Deep Reinforcement Learning Guided Graph Neural Networks for Brain Network Analysis. (arXiv:2203.10093v1 [cs.LG])

Modern neuroimaging techniques, such as diffusion tensor imaging (DTI) and
functional magnetic resonance imaging (fMRI), enable us to model the human
brain as a brain network or connectome. Capturing brain networks’ structural
information and hierarchical patterns is essential for understanding brain
functions and disease states. Recently, the promising network representation
learning capability of graph neural networks (GNNs) has prompted many GNN-based
methods for brain network analysis to be proposed. Specifically, these methods
apply feature aggregation and global pooling to convert brain network instances
into meaningful low-dimensional representations used for downstream brain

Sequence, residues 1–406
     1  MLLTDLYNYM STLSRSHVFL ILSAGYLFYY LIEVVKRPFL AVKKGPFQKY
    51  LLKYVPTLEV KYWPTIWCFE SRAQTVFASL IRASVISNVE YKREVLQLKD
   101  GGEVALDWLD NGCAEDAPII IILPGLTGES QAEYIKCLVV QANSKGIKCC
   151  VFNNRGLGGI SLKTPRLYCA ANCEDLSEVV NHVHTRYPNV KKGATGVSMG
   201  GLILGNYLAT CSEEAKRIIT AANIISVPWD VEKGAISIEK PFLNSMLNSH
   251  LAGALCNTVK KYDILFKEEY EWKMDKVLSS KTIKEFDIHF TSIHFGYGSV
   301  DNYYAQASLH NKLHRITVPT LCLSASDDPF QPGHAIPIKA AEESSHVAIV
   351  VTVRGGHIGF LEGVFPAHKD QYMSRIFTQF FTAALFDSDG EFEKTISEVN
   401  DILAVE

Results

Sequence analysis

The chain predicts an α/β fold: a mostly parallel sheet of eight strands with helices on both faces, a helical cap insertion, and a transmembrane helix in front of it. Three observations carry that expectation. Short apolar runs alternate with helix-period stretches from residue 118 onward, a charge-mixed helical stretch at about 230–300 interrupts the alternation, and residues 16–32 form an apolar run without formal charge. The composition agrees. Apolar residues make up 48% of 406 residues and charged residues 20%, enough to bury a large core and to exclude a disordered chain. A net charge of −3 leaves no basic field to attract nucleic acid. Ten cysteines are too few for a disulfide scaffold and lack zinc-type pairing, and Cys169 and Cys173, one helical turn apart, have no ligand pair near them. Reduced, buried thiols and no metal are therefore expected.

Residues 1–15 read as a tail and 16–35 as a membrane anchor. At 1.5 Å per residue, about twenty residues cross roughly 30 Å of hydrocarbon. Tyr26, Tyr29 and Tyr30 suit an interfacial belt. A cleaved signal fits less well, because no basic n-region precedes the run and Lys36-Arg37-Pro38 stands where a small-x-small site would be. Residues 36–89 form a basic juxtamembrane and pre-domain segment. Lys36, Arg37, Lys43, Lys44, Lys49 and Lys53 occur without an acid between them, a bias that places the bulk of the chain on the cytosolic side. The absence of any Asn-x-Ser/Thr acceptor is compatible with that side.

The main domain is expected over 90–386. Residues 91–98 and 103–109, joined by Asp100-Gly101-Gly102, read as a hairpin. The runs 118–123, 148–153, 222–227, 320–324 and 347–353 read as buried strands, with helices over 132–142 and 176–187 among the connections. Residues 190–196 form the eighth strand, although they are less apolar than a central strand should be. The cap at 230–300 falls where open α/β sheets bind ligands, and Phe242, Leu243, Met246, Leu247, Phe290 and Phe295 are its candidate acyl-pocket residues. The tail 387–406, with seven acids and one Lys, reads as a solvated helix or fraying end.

network analysis tasks. However, existing GNN-based methods often neglect that
brain networks of different subjects may require various aggregation iterations
and use GNN with a fixed number of layers to learn all brain networks.
Therefore, how to fully release the potential of GNNs to promote brain network
analysis is still non-trivial. To solve this problem, we propose a novel brain
network representation framework, namely BN-GNN, which searches for the optimal
GNN architecture for each brain network. Concretely, BN-GNN employs deep
reinforcement learning (DRL) to train a meta-policy to automatically determine
the optimal number of feature aggregations (reflected in the number of GNN
layers) required for a given brain network. Extensive experiments on eight
real-world brain network datasets demonstrate that our proposed BN-GNN improves
the performance of traditional GNNs on different brain network analysis tasks.



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